Alligators are reptiles. In its scientific classification, the alligator belongs to the class reptilia. Its order is Crocodilia, which is the same as the crocodile. However, the alligator belongs to the clade Globionta, and the crocodile is from Eusuchia.
There are many reptiles in the animal kingdom, including turtles, snakes and lizards. However, one must not mistake reptiles as amphibians, as they have differences in their biology.
Reptilian Features of Alligators
Alligators belong firmly in the reptile class of animals. Their bony scales, cold-blooded bodies, air-breathing and egg-laying abilities confirm their status as reptiles.
Let’s look at some of the features of reptiles and see how they apply to alligators…
1. Alligators Have Air-Breathing Lungs
Reptiles are air-breathing animals. They breathe through their lungs. This is different from fish (which have gills) and amphibians, some of which have gills when they are born.
All reptiles, including alligators need air to breathe, so they can’t survive underwater.
2. Alligators are Vertebrates
All reptiles, including alligators, are vertebrates. That is why they belong to the phylum called Chordata.
Lizards, turtles, crocodiles, and even snakes are all four-limbed vertebrates, although snakes limbs are vestigial.
3. Alligators have Scales
All reptiles have scales. This sets them apart from birds (which have feathers), mammals (which have fur), and amphibians (which have smooth skin).
Alligator scales are dry and tough, like armor to protect them from predators.
Related Article: How Long Can Alligators Hold Their Breath?
4. Alligators are Cold-Blooded
Reptiles are cold-blooded, which means they need an external heat source to regulate their body temperature.
Alligators are well-known for basking in the warm sun to heat themselves. Unlike mammals, alligators can not heat themselves internally by consuming food, which means they can not live in cold climates.
Read More: How Far North do Alligators Live?
5. Alligators Lay Eggs
Although there are a small number of reptiles that give birth to live young, egg-laying is a key feature of reptiles.
All alligators lay hard-shelled eggs on land, which distinguishes them from mammals, marsupials, fish, and amphibians which give birth to live young or lay soft, jelly-like eggs in water.
Why is an Alligator not a Mammal?
Alligators are considered reptiles and not mammals, because they lay eggs instead of giving birth to live young, they have scales instead of fur, they are cold-blooded, and they don’t produce milk.
A mammal is also a vertebrate, but it produces milk. In addition, it has a mammary gland it uses to feed its offspring. Mammals also have hair on their bodies, and this hair or fur helps the mammals survive cold weather.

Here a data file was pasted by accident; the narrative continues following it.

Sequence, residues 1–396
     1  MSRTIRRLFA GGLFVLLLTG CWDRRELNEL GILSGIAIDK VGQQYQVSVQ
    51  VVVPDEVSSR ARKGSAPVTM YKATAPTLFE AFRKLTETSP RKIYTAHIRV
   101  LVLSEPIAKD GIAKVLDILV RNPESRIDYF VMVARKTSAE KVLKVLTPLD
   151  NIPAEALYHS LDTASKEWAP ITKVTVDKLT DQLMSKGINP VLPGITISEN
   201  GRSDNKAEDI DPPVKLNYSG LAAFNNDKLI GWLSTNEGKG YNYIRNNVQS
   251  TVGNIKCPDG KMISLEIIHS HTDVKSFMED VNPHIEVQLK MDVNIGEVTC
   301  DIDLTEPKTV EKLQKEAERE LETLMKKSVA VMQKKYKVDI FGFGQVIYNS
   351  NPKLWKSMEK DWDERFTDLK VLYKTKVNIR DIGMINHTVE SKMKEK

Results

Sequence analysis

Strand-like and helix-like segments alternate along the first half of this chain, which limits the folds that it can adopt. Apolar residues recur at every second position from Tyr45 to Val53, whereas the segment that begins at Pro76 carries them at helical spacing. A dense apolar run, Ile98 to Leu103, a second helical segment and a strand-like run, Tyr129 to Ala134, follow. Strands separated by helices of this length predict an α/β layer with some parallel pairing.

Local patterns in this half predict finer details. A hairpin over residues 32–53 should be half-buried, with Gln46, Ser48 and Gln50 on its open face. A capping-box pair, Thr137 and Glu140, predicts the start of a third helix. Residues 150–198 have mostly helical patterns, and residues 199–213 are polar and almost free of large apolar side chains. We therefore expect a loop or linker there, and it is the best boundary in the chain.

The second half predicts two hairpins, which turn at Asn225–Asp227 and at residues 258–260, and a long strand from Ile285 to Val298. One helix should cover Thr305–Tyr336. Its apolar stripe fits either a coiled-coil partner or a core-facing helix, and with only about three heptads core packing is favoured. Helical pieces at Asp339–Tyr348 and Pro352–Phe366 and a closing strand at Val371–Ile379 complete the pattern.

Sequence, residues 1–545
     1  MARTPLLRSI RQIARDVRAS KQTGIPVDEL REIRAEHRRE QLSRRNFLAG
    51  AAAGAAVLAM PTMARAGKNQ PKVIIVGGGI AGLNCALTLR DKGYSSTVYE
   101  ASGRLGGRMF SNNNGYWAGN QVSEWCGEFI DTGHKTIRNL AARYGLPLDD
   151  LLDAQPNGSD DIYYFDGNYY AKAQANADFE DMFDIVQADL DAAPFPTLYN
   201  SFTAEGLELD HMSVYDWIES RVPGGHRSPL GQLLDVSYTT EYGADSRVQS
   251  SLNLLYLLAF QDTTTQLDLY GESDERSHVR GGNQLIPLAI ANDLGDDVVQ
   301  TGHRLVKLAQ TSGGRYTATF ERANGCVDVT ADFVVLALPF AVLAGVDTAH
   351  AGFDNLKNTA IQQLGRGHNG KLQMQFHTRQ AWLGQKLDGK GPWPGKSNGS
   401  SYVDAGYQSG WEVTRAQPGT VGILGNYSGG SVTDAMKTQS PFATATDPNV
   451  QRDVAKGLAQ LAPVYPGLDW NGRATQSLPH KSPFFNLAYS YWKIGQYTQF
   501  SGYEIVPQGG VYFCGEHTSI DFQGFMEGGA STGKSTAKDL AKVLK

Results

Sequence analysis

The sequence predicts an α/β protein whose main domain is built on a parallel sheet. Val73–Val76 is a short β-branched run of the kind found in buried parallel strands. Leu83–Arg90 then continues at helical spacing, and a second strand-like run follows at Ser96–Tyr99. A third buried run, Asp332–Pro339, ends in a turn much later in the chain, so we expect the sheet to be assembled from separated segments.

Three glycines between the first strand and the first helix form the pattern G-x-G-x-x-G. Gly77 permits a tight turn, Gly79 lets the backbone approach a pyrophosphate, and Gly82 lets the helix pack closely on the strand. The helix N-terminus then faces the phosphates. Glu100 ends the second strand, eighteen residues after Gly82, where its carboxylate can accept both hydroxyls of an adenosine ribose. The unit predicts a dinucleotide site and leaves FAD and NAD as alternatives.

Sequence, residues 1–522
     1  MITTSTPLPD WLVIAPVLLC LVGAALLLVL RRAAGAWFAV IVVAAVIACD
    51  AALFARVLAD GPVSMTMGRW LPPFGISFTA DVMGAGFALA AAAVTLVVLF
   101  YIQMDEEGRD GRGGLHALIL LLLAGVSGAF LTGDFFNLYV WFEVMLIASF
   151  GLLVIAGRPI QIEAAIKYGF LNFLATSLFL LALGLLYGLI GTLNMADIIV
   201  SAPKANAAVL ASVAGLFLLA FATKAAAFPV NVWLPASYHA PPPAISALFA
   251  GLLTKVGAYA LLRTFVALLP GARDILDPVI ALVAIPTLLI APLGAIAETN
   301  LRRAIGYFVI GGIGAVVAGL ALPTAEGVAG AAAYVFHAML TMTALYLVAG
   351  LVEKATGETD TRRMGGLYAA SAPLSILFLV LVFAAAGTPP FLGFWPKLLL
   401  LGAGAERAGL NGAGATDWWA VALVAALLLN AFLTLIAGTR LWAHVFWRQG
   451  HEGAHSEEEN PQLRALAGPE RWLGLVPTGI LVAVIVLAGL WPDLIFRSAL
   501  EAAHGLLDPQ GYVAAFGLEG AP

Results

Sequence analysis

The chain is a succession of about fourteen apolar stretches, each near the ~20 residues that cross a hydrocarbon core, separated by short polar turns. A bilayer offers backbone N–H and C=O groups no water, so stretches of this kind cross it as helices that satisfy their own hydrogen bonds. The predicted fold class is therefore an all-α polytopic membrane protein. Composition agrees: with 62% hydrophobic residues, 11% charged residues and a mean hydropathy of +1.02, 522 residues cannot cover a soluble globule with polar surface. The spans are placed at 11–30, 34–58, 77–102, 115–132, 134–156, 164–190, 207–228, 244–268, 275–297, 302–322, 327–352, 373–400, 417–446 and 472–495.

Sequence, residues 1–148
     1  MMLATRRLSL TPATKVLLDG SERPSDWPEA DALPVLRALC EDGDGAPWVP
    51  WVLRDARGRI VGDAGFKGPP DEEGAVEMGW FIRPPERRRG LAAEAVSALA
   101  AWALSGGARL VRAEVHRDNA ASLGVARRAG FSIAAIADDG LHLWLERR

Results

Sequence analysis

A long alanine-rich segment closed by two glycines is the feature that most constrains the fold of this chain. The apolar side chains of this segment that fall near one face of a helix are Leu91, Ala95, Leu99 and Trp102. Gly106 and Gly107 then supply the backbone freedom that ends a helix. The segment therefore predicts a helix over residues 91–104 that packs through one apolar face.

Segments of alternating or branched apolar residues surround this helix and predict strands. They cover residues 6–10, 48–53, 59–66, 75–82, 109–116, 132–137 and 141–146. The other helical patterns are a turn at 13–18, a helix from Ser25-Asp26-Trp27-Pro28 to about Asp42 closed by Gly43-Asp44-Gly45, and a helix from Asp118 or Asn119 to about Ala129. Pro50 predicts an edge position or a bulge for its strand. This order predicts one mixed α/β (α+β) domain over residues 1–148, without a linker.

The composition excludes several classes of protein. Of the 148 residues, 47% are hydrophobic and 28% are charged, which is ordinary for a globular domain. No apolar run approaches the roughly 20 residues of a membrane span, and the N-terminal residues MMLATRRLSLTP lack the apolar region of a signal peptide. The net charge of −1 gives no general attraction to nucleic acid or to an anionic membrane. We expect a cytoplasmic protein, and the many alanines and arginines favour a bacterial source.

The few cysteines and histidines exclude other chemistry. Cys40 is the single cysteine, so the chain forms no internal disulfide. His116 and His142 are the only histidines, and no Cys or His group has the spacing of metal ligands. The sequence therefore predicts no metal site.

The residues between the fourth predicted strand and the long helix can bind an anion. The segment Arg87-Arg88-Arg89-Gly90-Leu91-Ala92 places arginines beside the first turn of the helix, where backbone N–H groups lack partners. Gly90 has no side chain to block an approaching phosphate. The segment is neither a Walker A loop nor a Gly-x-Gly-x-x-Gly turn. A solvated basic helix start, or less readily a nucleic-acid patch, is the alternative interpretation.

Unlike the alligator, mammals are warm-blooded. They regulate their body temperatures and have no reliance on an internal heat source to achieve homeostasis.
Taxonomic Classifications of Alligators
Related Article: How Fast Can an Alligator Run on Land?
Below is the complete scientific family tree of the alligator.
- Kingdom – Animalia
- Phylum – Chordata
- Class – Reptilia
- Order – Crocodilia
- Family – Alligatoridae
After the gator family, there are two sub-families called Alligatorinae and Caimaninae. The Alligatorinae is where the alligators belong. The caimans are part of the Caimaninae.
There are many genus types under the sub-family of the Alligatorinae, but only the current alligator is extant. This means is that all its descendants in the evolutionary tree are already extinct.
Here are some genera of the sub-family Alligatorinae:
- Allognathosuchus – grew up to 1.5 meters in length. It had strong jaws that crushed mollusks.
- Arambourgia – an extinct genus named in 1950; it had non-serrated teeth and a deep snout.
- Ceratosuchus – a swamp-dwelling predator that had triangular plates at the back of its head.
- Chrysochampsa – its fossil was found in the Golden Valley in North Dakota. It was first assigned in 1988.
Did Alligators Evolve from Reptiles?
Alligators evolved from an ancient extinct reptile called the Brachychampsa. The fossil was found in Montana’s Hell Creek Formation. This earliest version of the alligator had short teeth and a large mouth, which indicates that it could eat turtles.
The first alligator evolved sometime 245 million years ago. However, it was not until 80 million years ago that the first true crocodilians appeared. These crocodilians are now what scientists call alligatoroids, and the Brachychampsa was one of them.
Read More: Are Alligators Dinosaurs?
Are All Alligators Reptiles?
There are 8 recognised species of Alligators and Caimans extant today, and all of them are considered reptiles.
All crocodilians (including Alligators, Crocodiles, and Caimans) belong to the Reptilia class of animals, in the order Crocodilia.
Summary: Are Alligators Reptiles?
Alligators are reptiles, not amphibians. They are not the same as crocodiles, but they are related. The alligator came from an ancient species called Brachyhampsa, and the modern alligators of today first appeared 80 million years ago.
The alligator is endemic to the US and China only. The Chinese alligator is endangered, but the American alligator is not. There are Chinese alligators in the US because wildlife conservationists are protecting them.
Stuart is the editor of Fauna Facts. He edits our writers’ work as well as contributing his own content. Stuart is passionate about sustainable farming and animal welfare and has written extensively on cows and geese for the site.